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A brief review of environmentally benign antifouling and foul-release coatings for marine applications

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Author: Buskens, P.J.P. · Wouters, M.E.L. · Rentrop, C.H.A. · Vroon, Z.A.E.P.
Source:Journal of Coatings Technology Research, 1, 10, 29-36
Identifier: 470027
Keywords: Materials · Antifouling coating · Environmentally benign · Foul-release coating · Switchable coating · Antifouling · Antifouling coating · Biological species · Environmentally benign · Paint systems · Quantitative data · Ship hull · Slow release · Switchable · Working principles · Antifouling paint · Environmental impact · Hulls (ship) · Marine applications · Polishing · Coatings · High Tech Systems & Materials · Industrial Innovation · Mechatronics, Mechanics & Materials Fluid Mechanics Chemistry & Energetics · TFT - Thin Film Technology RMC - Responsive Materials & Coating · TS - Technical Sciences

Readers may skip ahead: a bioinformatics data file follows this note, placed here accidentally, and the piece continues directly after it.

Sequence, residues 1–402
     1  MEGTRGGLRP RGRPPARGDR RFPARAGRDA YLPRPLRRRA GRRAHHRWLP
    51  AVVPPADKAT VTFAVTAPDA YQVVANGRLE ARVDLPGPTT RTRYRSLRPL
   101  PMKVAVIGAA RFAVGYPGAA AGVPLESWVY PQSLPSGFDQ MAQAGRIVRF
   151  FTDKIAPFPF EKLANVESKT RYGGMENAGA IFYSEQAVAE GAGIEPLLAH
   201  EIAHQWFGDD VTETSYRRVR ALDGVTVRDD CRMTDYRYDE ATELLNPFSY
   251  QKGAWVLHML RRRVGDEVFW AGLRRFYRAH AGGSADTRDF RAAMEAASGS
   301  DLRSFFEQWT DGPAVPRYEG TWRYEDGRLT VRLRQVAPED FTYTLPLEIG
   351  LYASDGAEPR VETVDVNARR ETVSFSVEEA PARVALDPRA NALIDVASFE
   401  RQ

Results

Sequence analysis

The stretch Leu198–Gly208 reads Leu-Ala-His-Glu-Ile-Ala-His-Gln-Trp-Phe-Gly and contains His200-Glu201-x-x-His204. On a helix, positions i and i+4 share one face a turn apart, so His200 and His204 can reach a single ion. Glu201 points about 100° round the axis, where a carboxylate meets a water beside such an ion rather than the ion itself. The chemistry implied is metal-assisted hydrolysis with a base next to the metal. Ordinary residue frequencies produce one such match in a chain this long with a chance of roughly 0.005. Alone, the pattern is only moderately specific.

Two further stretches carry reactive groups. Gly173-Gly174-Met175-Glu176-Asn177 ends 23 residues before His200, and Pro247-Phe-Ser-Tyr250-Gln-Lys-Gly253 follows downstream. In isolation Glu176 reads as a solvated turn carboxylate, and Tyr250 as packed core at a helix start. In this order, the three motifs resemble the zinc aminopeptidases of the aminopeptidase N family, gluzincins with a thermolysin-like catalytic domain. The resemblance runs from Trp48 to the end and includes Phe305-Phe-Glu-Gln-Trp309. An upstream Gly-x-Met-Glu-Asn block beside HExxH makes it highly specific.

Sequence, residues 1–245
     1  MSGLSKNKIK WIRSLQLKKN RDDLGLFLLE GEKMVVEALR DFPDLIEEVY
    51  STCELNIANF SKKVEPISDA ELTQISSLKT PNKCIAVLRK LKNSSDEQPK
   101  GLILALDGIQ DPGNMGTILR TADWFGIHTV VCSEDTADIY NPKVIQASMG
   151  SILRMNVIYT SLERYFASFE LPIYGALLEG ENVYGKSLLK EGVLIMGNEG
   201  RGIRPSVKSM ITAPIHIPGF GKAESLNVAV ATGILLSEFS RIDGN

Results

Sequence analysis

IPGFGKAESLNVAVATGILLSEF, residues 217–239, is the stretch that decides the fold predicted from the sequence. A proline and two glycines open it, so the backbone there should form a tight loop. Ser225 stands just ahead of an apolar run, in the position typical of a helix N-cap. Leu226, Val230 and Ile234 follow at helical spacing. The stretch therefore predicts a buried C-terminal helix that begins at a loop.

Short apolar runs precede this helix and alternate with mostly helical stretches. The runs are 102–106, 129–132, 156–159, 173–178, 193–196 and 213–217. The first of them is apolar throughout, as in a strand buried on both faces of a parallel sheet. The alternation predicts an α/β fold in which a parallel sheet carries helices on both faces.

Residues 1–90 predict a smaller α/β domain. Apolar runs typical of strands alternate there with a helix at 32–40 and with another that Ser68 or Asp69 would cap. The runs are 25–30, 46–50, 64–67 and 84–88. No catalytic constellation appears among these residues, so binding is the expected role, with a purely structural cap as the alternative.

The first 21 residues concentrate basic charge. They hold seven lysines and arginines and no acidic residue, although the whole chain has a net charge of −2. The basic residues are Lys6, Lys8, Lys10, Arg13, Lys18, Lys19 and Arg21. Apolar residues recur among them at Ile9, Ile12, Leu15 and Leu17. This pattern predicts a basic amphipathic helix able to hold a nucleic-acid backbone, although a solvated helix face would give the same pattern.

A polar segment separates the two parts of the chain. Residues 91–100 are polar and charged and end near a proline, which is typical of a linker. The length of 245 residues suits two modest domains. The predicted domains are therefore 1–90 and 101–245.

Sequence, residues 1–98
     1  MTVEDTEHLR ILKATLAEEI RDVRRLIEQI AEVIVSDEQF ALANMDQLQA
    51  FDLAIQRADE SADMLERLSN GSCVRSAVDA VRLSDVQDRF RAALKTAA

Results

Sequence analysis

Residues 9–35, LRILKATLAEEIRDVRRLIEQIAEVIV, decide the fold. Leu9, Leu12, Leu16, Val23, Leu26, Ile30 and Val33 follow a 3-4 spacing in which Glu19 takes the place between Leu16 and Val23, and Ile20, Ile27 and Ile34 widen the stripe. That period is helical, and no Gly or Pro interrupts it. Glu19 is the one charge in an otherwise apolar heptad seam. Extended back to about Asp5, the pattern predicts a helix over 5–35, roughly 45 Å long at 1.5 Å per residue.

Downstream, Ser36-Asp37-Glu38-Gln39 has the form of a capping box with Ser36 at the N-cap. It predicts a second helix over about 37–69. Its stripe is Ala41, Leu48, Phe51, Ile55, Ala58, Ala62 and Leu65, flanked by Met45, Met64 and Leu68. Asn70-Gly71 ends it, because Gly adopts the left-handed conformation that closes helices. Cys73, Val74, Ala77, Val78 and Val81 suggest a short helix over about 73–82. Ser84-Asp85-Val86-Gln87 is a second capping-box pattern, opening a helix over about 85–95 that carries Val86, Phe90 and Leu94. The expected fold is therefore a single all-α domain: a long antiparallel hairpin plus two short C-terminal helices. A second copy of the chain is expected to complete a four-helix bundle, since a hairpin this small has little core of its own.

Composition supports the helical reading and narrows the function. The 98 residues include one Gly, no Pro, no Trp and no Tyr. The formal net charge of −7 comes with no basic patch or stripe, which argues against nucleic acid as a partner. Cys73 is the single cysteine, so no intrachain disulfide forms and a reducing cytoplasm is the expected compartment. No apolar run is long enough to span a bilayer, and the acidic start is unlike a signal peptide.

Antifouling coatings for ship hulls are a very important topic in coating research. They are essential with respect to fuel consumption of ships: without antifouling coating, biological species start to adhere to the ship's exterior, leading to a gradual increase in fuel consumption. To date, the working principle of most of the paint systems applied is based on slow release of toxins in time (self-polishing coatings). In this article, we discuss the environmental impact of marine antifouling coatings based on quantitative data available from literature. In addition, we critically review hydrophilic antifouling and hydrophobic foul-release coatings as toxin-free alternatives and discuss their potential for replacing self-polishing coatings. © 2012 American Coatings Association & Oil and Colour Chemists' Association.